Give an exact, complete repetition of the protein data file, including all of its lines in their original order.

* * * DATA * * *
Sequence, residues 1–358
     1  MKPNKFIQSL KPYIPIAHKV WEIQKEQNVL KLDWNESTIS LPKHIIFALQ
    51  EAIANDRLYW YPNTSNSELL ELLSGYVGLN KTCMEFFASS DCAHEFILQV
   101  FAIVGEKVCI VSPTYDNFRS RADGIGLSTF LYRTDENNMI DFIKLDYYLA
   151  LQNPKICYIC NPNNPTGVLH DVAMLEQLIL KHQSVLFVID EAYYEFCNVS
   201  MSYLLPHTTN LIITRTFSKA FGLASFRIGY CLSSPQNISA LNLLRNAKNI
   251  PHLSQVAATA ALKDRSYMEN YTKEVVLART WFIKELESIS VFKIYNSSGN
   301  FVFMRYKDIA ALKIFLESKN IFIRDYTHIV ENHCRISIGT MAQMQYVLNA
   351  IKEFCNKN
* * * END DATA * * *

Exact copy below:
Sequence, residues 1–358
     1  MKPNKFIQSL KPYIPIAHKV WEIQKEQNVL KLDWNESTIS LPKHIIFALQ
    51  EAIANDRLYW YPNTSNSELL ELLSGYVGLN KTCMEFFASS DCAHEFILQV
   101  FAIVGEKVCI VSPTYDNFRS RADGIGLSTF LYRTDENNMI DFIKLDYYLA
   151  LQNPKICYIC NPNNPTGVLH DVAMLEQLIL KHQSVLFVID EAYYEFCNVS
   201  MSYLLPHTTN LIITRTFSKA FGLASFRIGY CLSSPQNISA LNLLRNAKNI
   251  PHLSQVAATA ALKDRSYMEN YTKEVVLART WFIKELESIS VFKIYNSSGN
   301  FVFMRYKDIA ALKIFLESKN IFIRDYTHIV ENHCRISIGT MAQMQYVLNA
   351  IKEFCNKN